"Well, eventually everything was sorted out. The mission to rescue Isabelle's abandoned GPIRB was called off and, feathers only slightly ruffled, Alphie and I went on our way, once again in pursuit of J-P and Cray Valley."

Victor Yazykov Photo Marek Slodownik   MSYazykov1.jpg (14793 bytes)

Viktor Yazykov also had his hairy day: "Today was very light wind, sunny day. Our new mainsail is so huge, always scares me to use it with no reef taken at the southern ocean. After the sunset the wind increased. I have just took the third reef, but the boat speed is more than 12 knots. The night is as dark as it could be and raining. Few days ago at night time was little wind but with full mainsail we being making about 8 knots, sudden wind shift made a bad job we had a crash jibe. I have been scared to death. Thought the boat was going to complete capsize. Fortunately it did not happened, but took time to get the mainsail down to the deck."

Also Giovanni Soldini and passenger Isabelle Autissier should have relatively light winds for the next 24- to 36 hours, but over the weekend they should be hit with the storm.

There were miraculous coincidences brought up by the reporters. When Giovanni Soldini saved Isabelle Autissier from her overturned boat, he did so less than 24 miles from the spot where, Bertie Reed rescued John Martin during BOC Challenge in 1991. The timing is was also remarkable. Bertie rescued John only a single calendar day later than Giovani saved Autissier. The first distress call from Autissier arrived at 1423 GMT and call from Soldini that he had rescued Autissier arrived at 1424 GMT, 24 hours later.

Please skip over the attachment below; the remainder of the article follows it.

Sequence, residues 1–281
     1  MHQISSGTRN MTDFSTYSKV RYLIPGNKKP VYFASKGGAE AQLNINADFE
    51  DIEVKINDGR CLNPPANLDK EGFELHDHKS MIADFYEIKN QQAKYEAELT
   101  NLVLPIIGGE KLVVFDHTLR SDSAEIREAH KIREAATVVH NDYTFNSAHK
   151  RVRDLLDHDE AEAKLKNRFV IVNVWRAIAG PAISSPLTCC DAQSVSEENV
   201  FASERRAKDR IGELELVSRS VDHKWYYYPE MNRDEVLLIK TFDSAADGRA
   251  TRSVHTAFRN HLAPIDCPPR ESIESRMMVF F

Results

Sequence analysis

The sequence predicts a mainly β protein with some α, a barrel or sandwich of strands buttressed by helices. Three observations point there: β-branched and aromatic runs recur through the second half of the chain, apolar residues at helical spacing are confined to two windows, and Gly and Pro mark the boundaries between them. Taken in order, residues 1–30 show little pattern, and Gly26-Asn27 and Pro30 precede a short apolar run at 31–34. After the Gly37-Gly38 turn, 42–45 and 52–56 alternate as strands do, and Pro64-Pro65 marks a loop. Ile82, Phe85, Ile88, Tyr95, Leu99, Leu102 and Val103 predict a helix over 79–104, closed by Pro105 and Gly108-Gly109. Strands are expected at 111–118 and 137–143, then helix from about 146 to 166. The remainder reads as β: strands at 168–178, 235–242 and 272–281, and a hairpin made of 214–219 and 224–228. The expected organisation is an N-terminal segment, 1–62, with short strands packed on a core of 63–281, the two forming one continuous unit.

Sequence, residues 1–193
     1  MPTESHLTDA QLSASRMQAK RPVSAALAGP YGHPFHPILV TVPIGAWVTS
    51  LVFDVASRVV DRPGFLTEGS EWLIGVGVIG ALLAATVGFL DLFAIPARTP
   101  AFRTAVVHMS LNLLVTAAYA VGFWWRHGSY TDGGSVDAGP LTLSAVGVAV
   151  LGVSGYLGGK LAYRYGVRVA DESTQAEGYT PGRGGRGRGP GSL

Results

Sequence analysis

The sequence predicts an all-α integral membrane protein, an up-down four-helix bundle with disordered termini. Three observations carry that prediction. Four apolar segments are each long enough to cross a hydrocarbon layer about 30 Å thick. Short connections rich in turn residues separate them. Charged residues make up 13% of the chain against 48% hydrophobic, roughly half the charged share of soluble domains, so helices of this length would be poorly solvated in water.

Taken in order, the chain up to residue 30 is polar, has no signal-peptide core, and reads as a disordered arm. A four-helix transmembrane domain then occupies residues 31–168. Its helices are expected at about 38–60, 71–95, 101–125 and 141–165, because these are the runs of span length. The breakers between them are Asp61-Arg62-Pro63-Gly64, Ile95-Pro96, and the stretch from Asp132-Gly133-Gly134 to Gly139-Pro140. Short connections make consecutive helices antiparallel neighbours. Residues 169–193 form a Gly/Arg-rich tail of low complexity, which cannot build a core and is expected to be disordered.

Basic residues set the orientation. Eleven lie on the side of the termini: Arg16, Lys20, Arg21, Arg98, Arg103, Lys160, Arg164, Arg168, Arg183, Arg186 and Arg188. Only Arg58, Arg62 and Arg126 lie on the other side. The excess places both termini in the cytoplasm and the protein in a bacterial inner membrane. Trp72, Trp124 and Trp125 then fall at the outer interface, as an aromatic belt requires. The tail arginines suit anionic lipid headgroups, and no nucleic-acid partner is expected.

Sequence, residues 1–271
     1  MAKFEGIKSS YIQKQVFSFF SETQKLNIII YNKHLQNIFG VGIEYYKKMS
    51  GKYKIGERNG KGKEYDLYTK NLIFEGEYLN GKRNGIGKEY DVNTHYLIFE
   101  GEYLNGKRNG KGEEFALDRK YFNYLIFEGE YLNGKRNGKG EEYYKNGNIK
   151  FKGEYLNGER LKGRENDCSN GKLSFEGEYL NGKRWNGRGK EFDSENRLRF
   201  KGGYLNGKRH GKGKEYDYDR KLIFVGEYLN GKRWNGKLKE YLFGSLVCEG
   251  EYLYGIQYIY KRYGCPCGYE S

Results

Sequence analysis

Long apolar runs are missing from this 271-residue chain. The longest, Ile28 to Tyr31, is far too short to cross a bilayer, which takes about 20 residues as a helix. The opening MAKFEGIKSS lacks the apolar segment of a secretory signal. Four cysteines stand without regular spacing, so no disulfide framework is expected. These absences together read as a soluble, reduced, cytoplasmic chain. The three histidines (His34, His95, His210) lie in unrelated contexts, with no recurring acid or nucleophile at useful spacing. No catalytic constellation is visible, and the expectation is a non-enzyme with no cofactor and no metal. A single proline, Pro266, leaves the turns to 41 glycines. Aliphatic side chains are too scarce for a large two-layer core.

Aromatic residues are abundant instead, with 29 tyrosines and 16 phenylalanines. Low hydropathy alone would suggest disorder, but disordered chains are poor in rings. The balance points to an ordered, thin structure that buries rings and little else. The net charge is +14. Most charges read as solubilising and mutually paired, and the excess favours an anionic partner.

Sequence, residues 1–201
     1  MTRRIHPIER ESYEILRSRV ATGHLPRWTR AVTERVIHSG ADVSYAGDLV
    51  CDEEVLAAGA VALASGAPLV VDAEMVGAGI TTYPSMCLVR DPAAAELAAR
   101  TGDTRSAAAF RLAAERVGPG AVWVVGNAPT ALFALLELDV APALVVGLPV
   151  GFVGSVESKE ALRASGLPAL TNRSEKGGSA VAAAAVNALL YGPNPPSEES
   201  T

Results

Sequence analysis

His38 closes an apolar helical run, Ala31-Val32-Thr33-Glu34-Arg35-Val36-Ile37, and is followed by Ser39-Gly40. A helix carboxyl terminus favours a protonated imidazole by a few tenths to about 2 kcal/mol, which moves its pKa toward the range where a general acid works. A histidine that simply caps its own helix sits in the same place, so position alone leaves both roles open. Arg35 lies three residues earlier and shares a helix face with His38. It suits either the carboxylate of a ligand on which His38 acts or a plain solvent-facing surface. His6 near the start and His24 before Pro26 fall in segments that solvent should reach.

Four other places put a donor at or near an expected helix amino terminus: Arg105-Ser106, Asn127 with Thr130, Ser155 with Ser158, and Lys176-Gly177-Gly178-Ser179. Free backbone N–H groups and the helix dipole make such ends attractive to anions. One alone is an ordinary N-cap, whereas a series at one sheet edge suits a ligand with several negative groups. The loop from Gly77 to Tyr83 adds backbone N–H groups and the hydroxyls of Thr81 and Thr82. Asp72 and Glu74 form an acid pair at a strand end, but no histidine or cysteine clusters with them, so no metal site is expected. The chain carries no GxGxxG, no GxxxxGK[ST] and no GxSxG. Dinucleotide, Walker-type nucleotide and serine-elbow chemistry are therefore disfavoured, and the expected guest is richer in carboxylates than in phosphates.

BezvetriKladka.jpg (23338 bytes)
Photo Richard Konkolski

Positions:

Class 1

Place

Skipper

Boat

Latitude

Longitude

Dist. to go

Speed

Dist. to first

Time

1

Thiercelin

Somewhere

57 57S

095 24W

2050

13.2

0

2140

2

Soldini

Fila

55 10S

108 02W

2491

14.4

440.8

2140

3

Autissier

PRB

Rescued

by

Soldini

0

0

0

4

Hall

Gartmore

Retiring

to

Chatham Is.

0

0

0

Class 2

Place

Skipper

Boat

Latitude

Longitude

Dist. to go

Speed

Dist. to first

Time

1

Mouligne

Cray Valley

54 01S

121 17W

2944

13

0

2144

2

Garside

Magellan Alpha

54 50S

123 52W

3013

9.7

69.4

2144

3

Van Liew

Balance Bar

53 13S

126 06W

3119

9.5

175

2144

4

Yazykov

Wind of Change

51 31S

129 58W

3292

10

348.4

2144

5

Saito

Shuten-dohji II

49 05S

156 09W

4242

8.2

1298.7

2144

6

Petersen

No Bariers

46 22S

157 45W

4383

6.6

1439.4

2144

7

Hunter

Paladin II

44 51S

161 32w

4565

4

1621.2

2144

Copyright Richard Konkolski
Return back to Third Leg
Return back to Second Leg
Return back to First Leg
Retyrn back to Sailing Round the World Races
Return back to Seven Oceans